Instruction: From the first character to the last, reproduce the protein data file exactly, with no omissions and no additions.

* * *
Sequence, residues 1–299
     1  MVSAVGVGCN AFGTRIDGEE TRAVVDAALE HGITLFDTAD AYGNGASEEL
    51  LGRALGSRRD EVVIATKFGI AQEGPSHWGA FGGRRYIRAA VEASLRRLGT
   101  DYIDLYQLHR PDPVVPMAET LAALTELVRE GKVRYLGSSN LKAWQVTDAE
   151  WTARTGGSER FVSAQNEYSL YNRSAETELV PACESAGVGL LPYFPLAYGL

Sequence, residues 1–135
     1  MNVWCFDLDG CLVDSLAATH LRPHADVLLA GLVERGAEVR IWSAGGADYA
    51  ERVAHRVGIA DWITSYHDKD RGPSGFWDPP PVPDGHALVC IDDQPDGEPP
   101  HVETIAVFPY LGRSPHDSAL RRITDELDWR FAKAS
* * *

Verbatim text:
Sequence, residues 1–299
     1  MVSAVGVGCN AFGTRIDGEE TRAVVDAALE HGITLFDTAD AYGNGASEEL
    51  LGRALGSRRD EVVIATKFGI AQEGPSHWGA FGGRRYIRAA VEASLRRLGT
   101  DYIDLYQLHR PDPVVPMAET LAALTELVRE GKVRYLGSSN LKAWQVTDAE
   151  WTARTGGSER FVSAQNEYSL YNRSAETELV PACESAGVGL LPYFPLAYGL

Sequence, residues 1–135
     1  MNVWCFDLDG CLVDSLAATH LRPHADVLLA GLVERGAEVR IWSAGGADYA
    51  ERVAHRVGIA DWITSYHDKD RGPSGFWDPP PVPDGHALVC IDDQPDGEPP
   101  HVETIAVFPY LGRSPHDSAL RRITDELDWR FAKAS